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Lenette Wood spent most of two decades in an EMS rig, saving lives. Now she's the Fire Department mental health counselor, concentrating on psyches.

Police Sgt. Starr Gonzales spent eight years in patrol cars, ticketing countless unlicensed teenagers. Now she's helping Detroit kids get driver training and maybe steering them toward joining the force.

 

If that's not the stuff TV series are made of, it was the stuff that earns a plaque and an ovation.

Wood and Gonzaleswereamong the finalists for city fire and police woman of the year awards at the Detroit Public Safety Foundation's Women in Blue breakfast Wednesday morning. Wood wound up winning, along with Danielle Woods, a DPD corporal who has become a statewide trainer on LGBT issues.

A foundation event in late November will celebrate heroism, the sorts of dramatic moments that turn up in your living room every week once script writers get involved. The breakfast at the MGM Grand was tethered more to the reality of working in public safety.

The keynote address came from Rosemarie Aquilina, the judge who informed serial sexual abuser Larry Nassar he would die in prison. The key point from the nominations seems to be that the police and fire departments are complex organizations — businesses, really — grinding along as best they can in ways the public rarely sees.

"It's a huge ecosystem we're all a part of," said Assistant Chief of Police Lashinda Stair, who announced Woods' award.

As Stair often tells audiences, she's an unlikely success story, born on the south side of Chicago to a mother who was barely 15. At 45, she's second on the department food chain, working on her third college degree and very much aware she's a woman in a male-centric field.

About 25 percent of the DPD's 3,000 officers are women, an unusually high figure, she said. The numbers are significantly lower in the other part of the public safety building: 15 women among 890 active firefighters, 25 among 240 in EMS.

"It really is about pulling people up behind you," Stair said, and that's typically much of the focus of a fifth-year awards ceremony that will include the Fire Department for the first time.

But to a civilian, what also stands out are the scope and often the anonymity of the accomplishments.

Wood, 49, still works an EMS shift once a month to keep her skills sharp. Otherwise, she's the perpetually-on-call sounding board for problems professional or personal.

Incidents with children take the greatest toll on her colleagues, she said. Particularly grisly accidents are difficult, and it's tough when responders wind up working on people they know, which happens with surprising frequency.

"As I remind people, you have to take care of yourself, too," she said.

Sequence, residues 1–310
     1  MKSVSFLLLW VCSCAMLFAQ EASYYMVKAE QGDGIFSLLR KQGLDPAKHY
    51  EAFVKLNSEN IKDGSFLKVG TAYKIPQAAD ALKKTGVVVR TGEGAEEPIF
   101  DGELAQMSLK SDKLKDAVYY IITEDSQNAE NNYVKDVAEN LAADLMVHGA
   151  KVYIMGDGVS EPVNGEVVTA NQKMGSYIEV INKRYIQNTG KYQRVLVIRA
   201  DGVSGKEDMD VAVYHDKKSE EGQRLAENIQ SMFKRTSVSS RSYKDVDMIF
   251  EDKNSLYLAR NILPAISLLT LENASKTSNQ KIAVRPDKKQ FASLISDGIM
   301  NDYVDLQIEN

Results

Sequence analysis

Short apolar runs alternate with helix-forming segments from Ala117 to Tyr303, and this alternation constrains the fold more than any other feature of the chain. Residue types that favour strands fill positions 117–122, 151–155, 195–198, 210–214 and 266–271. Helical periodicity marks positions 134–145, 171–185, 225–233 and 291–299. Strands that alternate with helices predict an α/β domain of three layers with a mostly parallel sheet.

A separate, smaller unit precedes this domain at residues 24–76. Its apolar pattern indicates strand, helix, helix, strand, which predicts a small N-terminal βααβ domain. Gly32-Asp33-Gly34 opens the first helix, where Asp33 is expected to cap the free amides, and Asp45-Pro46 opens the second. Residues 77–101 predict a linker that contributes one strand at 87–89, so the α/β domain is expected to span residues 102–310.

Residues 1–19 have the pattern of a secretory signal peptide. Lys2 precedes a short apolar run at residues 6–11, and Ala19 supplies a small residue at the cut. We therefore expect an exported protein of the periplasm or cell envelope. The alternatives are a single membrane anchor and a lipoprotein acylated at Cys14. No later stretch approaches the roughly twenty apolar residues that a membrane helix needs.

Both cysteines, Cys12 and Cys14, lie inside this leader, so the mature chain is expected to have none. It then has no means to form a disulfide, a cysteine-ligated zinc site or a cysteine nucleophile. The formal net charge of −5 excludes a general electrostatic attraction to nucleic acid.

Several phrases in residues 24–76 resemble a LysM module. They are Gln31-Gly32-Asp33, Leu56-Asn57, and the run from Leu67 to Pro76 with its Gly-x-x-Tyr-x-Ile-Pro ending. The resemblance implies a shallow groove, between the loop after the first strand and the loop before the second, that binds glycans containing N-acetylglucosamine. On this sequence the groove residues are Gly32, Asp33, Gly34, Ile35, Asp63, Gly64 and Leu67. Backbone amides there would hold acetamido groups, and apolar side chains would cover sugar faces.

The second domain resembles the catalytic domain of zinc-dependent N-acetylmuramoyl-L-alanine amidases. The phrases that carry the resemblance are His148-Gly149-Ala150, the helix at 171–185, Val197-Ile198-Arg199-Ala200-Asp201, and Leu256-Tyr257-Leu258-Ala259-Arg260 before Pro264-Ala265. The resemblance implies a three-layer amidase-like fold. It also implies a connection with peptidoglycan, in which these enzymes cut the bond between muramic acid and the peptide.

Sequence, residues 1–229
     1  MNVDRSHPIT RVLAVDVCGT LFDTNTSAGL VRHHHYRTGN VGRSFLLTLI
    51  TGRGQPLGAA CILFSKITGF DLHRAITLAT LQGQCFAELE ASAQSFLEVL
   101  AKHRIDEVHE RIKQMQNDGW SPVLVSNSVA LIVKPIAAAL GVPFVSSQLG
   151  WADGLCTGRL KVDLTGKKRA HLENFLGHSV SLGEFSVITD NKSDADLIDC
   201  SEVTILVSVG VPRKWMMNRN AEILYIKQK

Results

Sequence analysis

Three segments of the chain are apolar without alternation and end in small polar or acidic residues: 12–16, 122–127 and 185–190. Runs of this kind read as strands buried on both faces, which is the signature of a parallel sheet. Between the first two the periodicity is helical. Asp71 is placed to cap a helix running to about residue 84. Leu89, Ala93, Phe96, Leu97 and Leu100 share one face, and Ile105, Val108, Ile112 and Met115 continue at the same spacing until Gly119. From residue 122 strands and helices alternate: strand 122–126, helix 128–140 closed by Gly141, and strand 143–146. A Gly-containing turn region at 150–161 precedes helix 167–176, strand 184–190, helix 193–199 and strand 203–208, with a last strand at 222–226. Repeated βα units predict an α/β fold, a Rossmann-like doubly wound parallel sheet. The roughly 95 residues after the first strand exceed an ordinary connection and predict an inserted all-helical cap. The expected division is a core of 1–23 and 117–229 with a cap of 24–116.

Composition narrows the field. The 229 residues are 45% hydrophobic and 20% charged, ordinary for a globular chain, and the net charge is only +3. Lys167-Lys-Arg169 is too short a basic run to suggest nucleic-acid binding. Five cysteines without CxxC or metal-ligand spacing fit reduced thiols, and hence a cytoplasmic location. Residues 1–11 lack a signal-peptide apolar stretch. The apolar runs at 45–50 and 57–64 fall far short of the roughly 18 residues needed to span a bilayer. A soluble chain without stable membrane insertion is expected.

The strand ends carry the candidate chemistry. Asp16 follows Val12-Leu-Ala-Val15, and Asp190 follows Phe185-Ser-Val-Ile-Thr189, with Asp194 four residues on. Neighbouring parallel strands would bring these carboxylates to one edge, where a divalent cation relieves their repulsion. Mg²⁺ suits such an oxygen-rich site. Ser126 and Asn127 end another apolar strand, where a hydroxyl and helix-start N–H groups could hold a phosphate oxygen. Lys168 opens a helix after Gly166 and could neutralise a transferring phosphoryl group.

Gonzales, 37, oversees recruiting, which brought her to a jobs fair and an epiphany last year at Michigan State University.

Curious as she watched someone from a large company separate resumes into two stacks, she asked why. In the left-hand pile, it turned out, were the applicants without a driver's license, and they were headed to a shredder.

People without a license, Gonzales was told, are considered undependable, inflexible and unmotivated. It struck her then that they are also ineligible to join the police force.

Driver training typically costs $400 to $600, she noted, an impossible burden for a family barely getting by. Get caught driving your little sister to school, and now there are fines and penalties to clear, a further impossibility.

"We're setting up a roadblock for our youth that's so far down the line nobody is seeing it," said Gonzales, who joined DPD after eight years in the Air Force. 

Her response, with help, she stressed, from numerous others, was a program called Drive to Thrive. It's providing driver training to 78 younger students at Cody High, a DPD magnet school, and a laws-and-regulations refresher to 30 older kids at University Prep who can test for a license at age 18.

If the program winds up putting officers behind the wheel of Detroit scout cars ... well, that's a bonus.

Heroics are similarly muted for most of the other nominees — 15 from the DPD, five from the smaller pool of women at the Fire Department.

There's a fire chief who has presided over a 20-second trim in dispatch times at the 911 call center. A detective who's become an become in foraging through cell phones for potentially pertinent information, even devising a way to cast thumbprints in Play-Doh and silicone putty to ease entry into Androids and iPhones.

And, there's a police lieutenant who nominated two of the finalists, and wound up a candidate herself.

Police Lt. Sonia Russell, 39, coordinates the police presence at Detroit Lions games, oversees the Project Green Light late-night surveillance system, manages video processing and extraction, and is in charge of collecting and disseminating crime data.

That's macro level. On a more personal scale, she's the leader of excursions to the morgue for interns.

"If you're a police officer," Russell said, "you've got to see dead bodies," and you might as well find out early what that's like.

In less grisly small groups, Russell convenes informal study sessions for women planning to take the sergeant or lieutenant exams.

"Every rank you achieve," she said, "you should have people under you that you are adopting to take to the next level."

Behind her in a meeting room at headquarters was 19-year DPD veteran Vanessa Burt, part of the communications team.

Unnoticed by Russell, she had been listening intently, and as Russell stood to leave she explained why.

"You're phenomenal," Burt said, and beyond that, "You have truly inspired me, just now, to take the sergeants exam."

It wasn't hard to figure out who she would study with.

nrubin@detroitnews.com

Twitter:@nealrubin_dn

 

 

 

 

 

 

 

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